The Fluoride Action Network
Video Trial on Fluoridation Chemicals Set for June 8 in Federal Court
Twice-delayed, a lawsuit seeking to prohibit the addition of fluoridation chemicals to public water systems in the U.S. because of the threat fluoride poses to the developing brain will begin June 8, reports the Fluoride Action Network (FAN).
Under the jurisdiction of the U.S. District Court in San Francisco, the eight-day trial will be conducted by video conference, rather than in the courtroom, as a result of the COVID-19 pandemic.
FAN is the lead plaintiff in the groundbreaking case, which challenges a practice endorsed by the U.S. Public Health Service 70 years ago and that today affects more than 200 million Americans through water systems in thousands of communities.
In accordance with U.S. law, the trial will be accessible to the public, although details remain to be worked out. Whatever the precise format, fluoridation, aggressively promoted by the American Dental Association and the government as a tooth decay preventative, will get a close look over eight days.
As plaintiff, FAN is joined by Moms Against Fluoridation and the consumer advocacy group Food and Water Watch. The groups are joined by several individuals representing themselves and/or their children.
Plaintiffs are represented by Michael Connett and C. Andrew Waters of Waters Kraus and Paul of El Segundo, California. The defendant is the U.S. Environmental Protection Agency (EPA), represented by the Environmental Defense Section of the U.S. Department of Justice.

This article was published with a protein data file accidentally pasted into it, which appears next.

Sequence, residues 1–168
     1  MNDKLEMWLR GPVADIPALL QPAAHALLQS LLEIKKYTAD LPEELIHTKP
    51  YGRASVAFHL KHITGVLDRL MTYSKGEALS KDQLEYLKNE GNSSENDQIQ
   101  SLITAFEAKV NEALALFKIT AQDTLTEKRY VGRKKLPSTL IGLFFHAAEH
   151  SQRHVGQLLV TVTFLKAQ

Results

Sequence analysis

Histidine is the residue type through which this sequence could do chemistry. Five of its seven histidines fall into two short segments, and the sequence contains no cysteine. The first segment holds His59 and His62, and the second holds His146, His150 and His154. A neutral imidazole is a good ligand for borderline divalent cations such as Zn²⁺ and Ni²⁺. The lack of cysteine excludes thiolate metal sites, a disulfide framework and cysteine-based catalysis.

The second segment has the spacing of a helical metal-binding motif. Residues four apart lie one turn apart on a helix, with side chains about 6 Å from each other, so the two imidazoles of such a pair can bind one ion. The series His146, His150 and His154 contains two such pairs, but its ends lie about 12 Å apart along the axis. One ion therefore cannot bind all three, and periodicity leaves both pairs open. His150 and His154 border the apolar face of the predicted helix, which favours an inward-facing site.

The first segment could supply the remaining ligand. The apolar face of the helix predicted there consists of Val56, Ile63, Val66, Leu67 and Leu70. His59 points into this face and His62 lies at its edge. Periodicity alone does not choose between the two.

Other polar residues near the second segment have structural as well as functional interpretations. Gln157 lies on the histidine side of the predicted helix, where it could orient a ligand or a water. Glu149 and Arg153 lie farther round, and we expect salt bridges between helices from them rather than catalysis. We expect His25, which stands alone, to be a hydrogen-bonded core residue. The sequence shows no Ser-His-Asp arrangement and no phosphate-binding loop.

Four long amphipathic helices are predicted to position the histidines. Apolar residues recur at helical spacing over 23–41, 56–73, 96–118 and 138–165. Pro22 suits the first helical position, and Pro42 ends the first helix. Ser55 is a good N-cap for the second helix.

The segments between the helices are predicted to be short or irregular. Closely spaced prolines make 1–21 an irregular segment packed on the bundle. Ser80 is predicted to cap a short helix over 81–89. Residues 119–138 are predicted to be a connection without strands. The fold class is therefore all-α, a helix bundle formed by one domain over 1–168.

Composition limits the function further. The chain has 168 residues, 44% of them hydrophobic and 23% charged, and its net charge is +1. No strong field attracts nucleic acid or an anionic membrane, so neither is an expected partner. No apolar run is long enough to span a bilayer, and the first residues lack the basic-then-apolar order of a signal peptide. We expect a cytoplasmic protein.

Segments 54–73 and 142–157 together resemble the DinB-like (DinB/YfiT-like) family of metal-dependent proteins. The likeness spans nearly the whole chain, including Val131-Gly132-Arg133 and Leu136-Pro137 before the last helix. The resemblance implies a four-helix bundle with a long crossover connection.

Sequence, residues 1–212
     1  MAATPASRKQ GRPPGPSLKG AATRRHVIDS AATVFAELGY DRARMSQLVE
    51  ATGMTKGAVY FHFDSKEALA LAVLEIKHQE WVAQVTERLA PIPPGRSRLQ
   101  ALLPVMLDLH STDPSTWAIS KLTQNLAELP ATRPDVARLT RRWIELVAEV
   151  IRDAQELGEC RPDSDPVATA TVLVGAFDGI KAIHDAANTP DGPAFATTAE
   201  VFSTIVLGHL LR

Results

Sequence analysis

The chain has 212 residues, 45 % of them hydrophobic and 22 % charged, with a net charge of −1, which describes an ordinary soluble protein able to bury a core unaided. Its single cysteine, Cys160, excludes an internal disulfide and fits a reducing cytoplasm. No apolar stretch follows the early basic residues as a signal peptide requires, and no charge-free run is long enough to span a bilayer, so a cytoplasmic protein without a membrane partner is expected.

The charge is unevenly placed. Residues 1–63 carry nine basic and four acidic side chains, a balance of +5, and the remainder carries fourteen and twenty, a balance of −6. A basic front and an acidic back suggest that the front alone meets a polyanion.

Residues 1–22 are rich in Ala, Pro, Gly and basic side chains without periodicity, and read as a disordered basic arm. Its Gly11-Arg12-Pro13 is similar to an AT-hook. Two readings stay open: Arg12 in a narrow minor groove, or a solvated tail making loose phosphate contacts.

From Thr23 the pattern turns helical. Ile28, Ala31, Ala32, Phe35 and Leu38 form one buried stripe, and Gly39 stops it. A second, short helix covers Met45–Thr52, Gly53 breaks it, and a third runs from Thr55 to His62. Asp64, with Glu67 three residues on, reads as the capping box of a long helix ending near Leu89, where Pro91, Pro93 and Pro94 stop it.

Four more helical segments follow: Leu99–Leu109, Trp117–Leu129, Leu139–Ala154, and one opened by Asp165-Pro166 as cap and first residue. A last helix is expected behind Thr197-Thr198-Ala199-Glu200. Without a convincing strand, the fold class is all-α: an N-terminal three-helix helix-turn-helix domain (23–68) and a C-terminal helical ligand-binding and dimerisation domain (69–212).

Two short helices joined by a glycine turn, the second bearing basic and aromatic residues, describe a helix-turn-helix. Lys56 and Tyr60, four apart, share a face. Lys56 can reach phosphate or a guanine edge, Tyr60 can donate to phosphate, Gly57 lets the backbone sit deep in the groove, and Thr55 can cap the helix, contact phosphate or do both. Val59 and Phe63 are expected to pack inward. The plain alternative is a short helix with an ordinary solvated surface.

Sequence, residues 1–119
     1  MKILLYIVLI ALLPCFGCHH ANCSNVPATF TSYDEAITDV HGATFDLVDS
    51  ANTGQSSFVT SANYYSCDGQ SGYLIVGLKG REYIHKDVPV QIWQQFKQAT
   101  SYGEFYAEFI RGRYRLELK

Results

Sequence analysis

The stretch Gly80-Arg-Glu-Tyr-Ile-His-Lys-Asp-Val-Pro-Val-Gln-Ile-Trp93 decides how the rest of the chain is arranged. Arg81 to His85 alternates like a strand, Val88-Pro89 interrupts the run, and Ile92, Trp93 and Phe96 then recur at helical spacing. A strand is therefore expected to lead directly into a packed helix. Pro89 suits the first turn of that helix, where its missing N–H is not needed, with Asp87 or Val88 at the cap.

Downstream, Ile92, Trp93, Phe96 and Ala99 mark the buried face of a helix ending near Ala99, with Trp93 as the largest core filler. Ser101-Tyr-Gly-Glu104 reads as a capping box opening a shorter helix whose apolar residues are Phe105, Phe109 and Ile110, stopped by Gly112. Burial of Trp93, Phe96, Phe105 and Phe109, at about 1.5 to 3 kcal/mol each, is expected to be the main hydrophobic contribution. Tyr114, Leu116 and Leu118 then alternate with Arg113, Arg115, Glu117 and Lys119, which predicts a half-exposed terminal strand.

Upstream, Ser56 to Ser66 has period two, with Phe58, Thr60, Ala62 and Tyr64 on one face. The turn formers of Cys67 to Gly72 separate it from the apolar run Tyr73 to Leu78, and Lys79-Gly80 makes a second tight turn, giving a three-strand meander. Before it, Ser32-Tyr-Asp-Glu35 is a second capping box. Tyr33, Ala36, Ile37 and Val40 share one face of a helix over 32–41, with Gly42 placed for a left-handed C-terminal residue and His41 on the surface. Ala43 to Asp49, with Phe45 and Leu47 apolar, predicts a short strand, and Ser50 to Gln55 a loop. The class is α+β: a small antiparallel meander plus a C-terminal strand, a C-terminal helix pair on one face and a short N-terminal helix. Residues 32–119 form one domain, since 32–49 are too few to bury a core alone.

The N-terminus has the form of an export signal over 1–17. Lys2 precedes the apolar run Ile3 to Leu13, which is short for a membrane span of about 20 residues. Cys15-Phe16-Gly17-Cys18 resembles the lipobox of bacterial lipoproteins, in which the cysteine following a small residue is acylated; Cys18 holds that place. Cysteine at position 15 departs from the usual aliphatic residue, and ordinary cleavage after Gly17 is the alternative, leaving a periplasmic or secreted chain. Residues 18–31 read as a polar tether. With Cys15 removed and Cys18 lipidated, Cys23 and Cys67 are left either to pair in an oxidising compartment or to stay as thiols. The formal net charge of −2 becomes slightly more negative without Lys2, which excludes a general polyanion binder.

“This case is groundbreaking for the opposition to fluoridation,” said Paul Connett, FAN Executive Director. “Several well-conducted and government funded Mother-Offspring studies indicate that fluoride has the potential to lower the children’s IQ. These studies have changed the ball-game on the argument over fluoride’s neurotoxicity.”
EPA plans to call on hired experts from the consulting firm Exponent Inc., known for servicing large corporations.
The lawsuit falls under the Toxic Substances Control Act of 1976 (TSCA), which gives EPA the authority to prohibit “the particular use” of a chemical substance if it presents an unreasonable risk to the general public or susceptible subpopulations.
The plaintiffs submitted a Citizens Petition under Section 21 of TSCA to the EPA in November 2016requesting a ban on the addition of fluoridation chemicals to water. When the EPA denied their Petition, they filed suit in federal court.
A Fact Sheet providing further information on the case is at: http://fluoridealert.org/